The Bhutanese delegation at the High-level Thematic Round

Bhutan’s fears and hopes as it graduates

At a special High-Level Thematic discussion called ‘Supporting Sustainable and Irreversible Graduation from the Least Developed Country Category,’ the Bhutanese delegation to the Least Developed Countries conference represented by Foreign Ministry Chief of the Social and Development Division in the Multilateral Department, Ugyen Dorji, expressed Bhutan’s fears and expectations over graduation in 2023 December.

He said Bhutan considers that graduation from the LDC category is a normal progression that an LDC makes in its development journey.

“We deeply appreciate the support and cooperation that we have received from the international community for the last five decades and would like to express our gratitude to all development partners and the UN system for your support in realizing significant progress in our socio-economic and sustainable development goals. Our imminent graduation reflects the collective progress made by Bhutan, our development partners and the UN systems,” said Ugyen.

He said while this is an accomplishment that Bhutan is happy about, Bhutan is also concerned that the path ahead is fraught with numerous challenges and that Bhutan will require continued support and cooperation in ensuring sustainable and irreversible graduation.

Ugyen pointed out that with inadequate domestic resources, Bhutan remains reliant on grant aid for capital developmental activities. However, donor funding is increasingly becoming scarce which could constrain development spending and hinder future growth and development. Thus, Bhutan requires assistance to identify alternative sources of finance including innovative sources of financing.

“Bhutan also remains highly vulnerable to the impacts of climate change and natural disasters. We continuously experience landslides, floods, windstorms, forest fires and earthquakes which have adverse impacts on our water, energy and food security,” said Ugyen.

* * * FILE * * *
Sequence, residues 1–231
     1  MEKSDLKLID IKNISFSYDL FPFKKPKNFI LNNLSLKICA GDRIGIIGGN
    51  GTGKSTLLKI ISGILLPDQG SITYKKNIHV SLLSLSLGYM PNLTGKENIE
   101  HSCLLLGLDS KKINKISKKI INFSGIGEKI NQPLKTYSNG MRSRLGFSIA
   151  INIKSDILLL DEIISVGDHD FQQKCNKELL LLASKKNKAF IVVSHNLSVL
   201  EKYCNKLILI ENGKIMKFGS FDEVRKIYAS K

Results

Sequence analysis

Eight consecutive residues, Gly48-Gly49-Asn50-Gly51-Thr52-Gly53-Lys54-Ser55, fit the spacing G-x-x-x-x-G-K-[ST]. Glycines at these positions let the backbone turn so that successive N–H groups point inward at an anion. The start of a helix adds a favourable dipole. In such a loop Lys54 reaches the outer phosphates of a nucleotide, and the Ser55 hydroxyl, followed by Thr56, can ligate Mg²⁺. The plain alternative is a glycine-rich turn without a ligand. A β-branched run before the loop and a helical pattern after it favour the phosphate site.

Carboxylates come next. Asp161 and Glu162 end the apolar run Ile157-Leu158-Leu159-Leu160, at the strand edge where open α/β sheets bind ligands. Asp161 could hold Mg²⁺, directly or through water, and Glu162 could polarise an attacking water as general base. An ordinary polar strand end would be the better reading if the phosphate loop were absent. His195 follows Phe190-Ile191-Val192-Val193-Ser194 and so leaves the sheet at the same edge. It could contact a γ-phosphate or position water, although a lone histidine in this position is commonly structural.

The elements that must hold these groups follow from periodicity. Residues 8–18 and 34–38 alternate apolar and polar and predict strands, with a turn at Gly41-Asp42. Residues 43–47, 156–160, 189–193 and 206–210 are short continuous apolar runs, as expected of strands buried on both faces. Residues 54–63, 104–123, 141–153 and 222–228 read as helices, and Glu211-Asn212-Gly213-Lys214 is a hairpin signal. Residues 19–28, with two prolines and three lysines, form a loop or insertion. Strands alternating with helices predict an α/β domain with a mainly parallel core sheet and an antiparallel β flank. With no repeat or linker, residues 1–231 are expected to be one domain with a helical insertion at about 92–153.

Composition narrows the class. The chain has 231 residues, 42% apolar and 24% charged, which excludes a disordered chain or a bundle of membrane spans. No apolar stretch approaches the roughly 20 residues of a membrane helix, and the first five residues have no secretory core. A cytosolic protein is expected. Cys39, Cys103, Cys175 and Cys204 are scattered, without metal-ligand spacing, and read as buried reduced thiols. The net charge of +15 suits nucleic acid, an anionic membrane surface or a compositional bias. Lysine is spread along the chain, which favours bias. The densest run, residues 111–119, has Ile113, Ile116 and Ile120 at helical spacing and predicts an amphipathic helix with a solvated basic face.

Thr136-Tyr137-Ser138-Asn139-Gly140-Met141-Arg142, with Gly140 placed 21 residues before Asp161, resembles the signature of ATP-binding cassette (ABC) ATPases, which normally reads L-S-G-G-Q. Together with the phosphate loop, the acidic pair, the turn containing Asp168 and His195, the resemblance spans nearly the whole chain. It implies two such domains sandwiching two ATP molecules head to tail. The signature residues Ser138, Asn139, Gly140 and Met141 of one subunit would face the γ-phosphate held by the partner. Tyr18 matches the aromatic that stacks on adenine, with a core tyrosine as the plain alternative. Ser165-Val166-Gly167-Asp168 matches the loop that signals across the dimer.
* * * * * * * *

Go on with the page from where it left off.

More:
He said the economy is also constrained by weak productive capacities and limited export diversification. These have resulted in high import volume and persistent current account deficits leading to a significant accumulation of foreign debt.

As a landlocked country, efficient trade facilitation is vital for Bhutan to ensure a seamless movement of goods and services.

He said Bhutan will need assistance from its trading partners in implementing necessary trade facilitation measures.

“We will need to enhance the competitiveness of Bhutan’s export sectors which will be affected by the withdrawal of preferential market access.”

 He said going forward, Bhutan has started large scale reforms of the public sector with a view to bring about efficiency and effectiveness in governance and service delivery.

It was pointed out that with increasing emphasis on leveraging technology, Bhutan has started developing regional and international partnerships for skills development, digital infrastructures, boosting technological innovation, and strengthening frameworks for attracting FDI.

“However, as of now, the lack of skills, expertise, and infrastructures in new technologies restrain meaningful leveraging of the digital economy.”

He said for Bhutan, as an LDC nearing graduation, the greatest concerns lie on the loss of LDC-specific support measures, at a time when we are recovering from the economic impacts of COVID-19, facing the implications of the geopolitical conflict on food and fuel supplies in a not very encouraging global economic outlook.

“Despite these multi-dimensional challenges, we are hopeful that the continued support and goodwill from our development partners will give us the necessary impetus to graduate sustainably and without major implications.”

 He expressed sincere gratitude and also solicited continued assistance from Bhutan’s bilateral and multilateral development partners including the UN system saying the assistance will always be invaluable.

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